Looking ahead 2010: The Arts

Published 5:19 pm Friday, December 25, 2009

Often it’s difficult to look ahead without first looking back.

Richard Metzger, Troy-Pike Cultural Arts Center executive director, paused a few minutes to look back at that successes of his organization’s past year before looking toward its bright future.

“Last year was a wonderful year for us,” Metzger said. “It was a time of growth and a time when support for the Troy-Pike Cultural Arts Center continued to increase.

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“Celebrating Contemporary Art: The Nature of Being Southern” was an extremely successful exhibition.

“The exhibition feature 41 Alabama artists who were all Alabama State Council on the Arts fellowship award winners,” Metzger said. “The show was well attended by local residents, students and people for from large cities, including Birmingham, Mobile, Huntsville and Atlanta.”

The New Harmonies: Celebrating American Roots Music was equally as successful and ran at the same times as The Nature of Being Southern.

“In conjunction with ‘New Harmonies,’ we had six concerts at the Gazebo on the square in downtown Troy and a lecture series at Troy University,” Metzger said. “We also had the Beijing Olympic Photography exhibit, an exhibit by local artist Ruth Walker, Bill Wright’s photos from around the world, and we closed out the year with the Conrads’ exhibit and our Christmas Tree Extravaganza.

If it’s true that success breeds success, then the year 2010 will be another great success for the arts in Troy.

“The future of the Johnson Center looks very bright,” Metzger said. “We continue to get stronger every year as we build on solid business and museum practices. The Johnson Center is looked upon in a favorable light. We continue to receive grants and sponsorships and most importantly we are touching lives and many of the children. We are really excited about the coming year. The future looks extremely bright for the Troy-Pike Cultural Arts Center, which includes the Johnson Center for the Arts, the Cultural Arts Studio and Cultural Arts Annex.

“The Annex includes two classrooms and the youth orchestra meets there,” Metzger said.

“One of the classrooms is used for docent training and for our hands-on art classes. So, it is a great addition to our arts complex. Of course, there is always room for expansion, and we already need additional space but we will have to be on firmer financial standing before we go forward with that. The community needs it. The county deserves it.”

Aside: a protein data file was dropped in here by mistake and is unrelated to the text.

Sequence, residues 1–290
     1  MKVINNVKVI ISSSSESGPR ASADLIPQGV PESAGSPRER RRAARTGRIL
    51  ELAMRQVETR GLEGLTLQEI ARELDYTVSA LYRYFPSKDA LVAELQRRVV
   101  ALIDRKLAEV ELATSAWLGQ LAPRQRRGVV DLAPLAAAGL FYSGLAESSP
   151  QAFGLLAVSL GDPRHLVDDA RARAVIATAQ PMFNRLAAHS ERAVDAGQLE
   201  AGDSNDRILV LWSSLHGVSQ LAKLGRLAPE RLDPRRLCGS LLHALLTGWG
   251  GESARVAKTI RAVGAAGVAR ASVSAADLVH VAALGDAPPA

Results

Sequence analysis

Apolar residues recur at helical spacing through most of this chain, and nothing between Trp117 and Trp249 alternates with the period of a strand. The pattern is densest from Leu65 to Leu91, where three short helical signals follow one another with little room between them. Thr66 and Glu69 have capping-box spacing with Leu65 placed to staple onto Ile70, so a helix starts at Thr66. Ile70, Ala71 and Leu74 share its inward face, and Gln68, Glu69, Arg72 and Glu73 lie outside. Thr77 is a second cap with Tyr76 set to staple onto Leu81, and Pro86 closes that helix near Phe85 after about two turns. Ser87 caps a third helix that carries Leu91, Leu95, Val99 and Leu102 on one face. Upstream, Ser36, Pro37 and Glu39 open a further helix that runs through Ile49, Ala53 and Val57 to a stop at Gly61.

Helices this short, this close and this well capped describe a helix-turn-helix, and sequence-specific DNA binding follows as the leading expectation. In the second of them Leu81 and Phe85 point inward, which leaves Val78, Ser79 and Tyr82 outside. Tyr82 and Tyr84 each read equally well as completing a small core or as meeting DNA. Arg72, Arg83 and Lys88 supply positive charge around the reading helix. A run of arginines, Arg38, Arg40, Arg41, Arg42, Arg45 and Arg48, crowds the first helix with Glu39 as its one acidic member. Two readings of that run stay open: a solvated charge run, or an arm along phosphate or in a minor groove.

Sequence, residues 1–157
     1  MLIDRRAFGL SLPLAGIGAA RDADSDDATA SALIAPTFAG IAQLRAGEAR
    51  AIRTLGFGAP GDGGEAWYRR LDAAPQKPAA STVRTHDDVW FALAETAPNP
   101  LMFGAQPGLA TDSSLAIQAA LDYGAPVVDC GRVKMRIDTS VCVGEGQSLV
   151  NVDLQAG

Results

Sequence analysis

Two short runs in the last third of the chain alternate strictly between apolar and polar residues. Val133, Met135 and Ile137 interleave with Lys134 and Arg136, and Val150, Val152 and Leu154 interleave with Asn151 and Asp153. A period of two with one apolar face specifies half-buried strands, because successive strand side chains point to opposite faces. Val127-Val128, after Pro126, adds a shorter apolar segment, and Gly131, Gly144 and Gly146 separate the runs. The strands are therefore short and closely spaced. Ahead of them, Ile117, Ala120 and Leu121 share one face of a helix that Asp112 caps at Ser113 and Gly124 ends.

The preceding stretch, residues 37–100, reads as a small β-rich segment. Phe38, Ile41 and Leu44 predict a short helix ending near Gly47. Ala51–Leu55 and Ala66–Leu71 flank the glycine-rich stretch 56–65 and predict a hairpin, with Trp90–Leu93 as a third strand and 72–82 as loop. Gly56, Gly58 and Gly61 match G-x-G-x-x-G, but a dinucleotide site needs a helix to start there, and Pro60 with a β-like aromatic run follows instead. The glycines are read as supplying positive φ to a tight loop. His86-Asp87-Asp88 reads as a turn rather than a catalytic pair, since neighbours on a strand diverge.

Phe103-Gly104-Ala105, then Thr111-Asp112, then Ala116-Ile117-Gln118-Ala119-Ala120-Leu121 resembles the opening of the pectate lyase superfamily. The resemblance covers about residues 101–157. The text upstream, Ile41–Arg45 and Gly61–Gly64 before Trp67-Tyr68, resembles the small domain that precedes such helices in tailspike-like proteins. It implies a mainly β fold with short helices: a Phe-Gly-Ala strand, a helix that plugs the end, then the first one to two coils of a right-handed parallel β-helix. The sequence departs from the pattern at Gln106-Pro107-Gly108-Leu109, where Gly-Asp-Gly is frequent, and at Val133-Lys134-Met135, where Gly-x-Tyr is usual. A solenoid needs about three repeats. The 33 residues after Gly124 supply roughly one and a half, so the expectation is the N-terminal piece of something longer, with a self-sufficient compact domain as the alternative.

Metzger said public interest in the arts has increased tremendously and Troy is now looked upon as a thriving arts community.

“We are bringing world class art exhibits to Troy and the Johnson Center for the Arts has come a long way in name recognition,” he said. “All across the state, people are aware that Troy has become a center for the arts.”

Metzger said the Troy-Pike Cultural Arts Center has an ongoing commitment to young people through arts education.

“We are currently planning a series of art camps for kids,” he said.

The Troy-Pike Cultural Arts Center’s calendar of events for 2010 has been completed, and it’s one that will rival any arts organization big or small.

January 15-March 15: “The Alabama Clay International Presenter’s Exhibit” which the Johnson Center is hosting in conjunction with the 25th Alabama Clay Conference at Troy University.

 February 19-21: The Johnson Center exhibit will feature the works of the four presenters that will be in attendance at the Clay Conference. They are Juan Quezada, Lana Wilson, Marko Fields and Brian Nettles.

February 19: A reception will be held in the Johnson Center during the Clay Conference at the University.

January 15- March 15: “Soul’s Journey: Inside the Creative Process” The exhibit features the work of 22 contemporary artists living in the South, from Virginia to Florida, and working in ceramic, fiber, glass, metal and wood. It originates from The Center for Craft, Creativity and Design of the University of North Carolina.

 April 1-30: Underwater baptism photographs by Caroline Davis and landscapes by Sandra Hicks Barnes.

 May 15- July 17: 69th Watercolor Society of Alabama Juried Exhibition, Upper Level

May 16: Opening Reception, Watercolor Exhibit

May 13-15: Watercolor Workshop with instructor Marilyn Phillis, Juror, 69th Watercolor Society of Alabama Exhibition.

June: Steve Savage and Ted Metz, Lower Level August-November: To Commemorate the 100th Anniversary of the Troy Post Office building— “Looking Through the Lens: 100 Years of Photography,” featuring the exhibits, “Holman Johnson (1910-1990): Pike County and Beyond” and “To Remember a Vanishing World,” D. L. Hightower (1899-1993).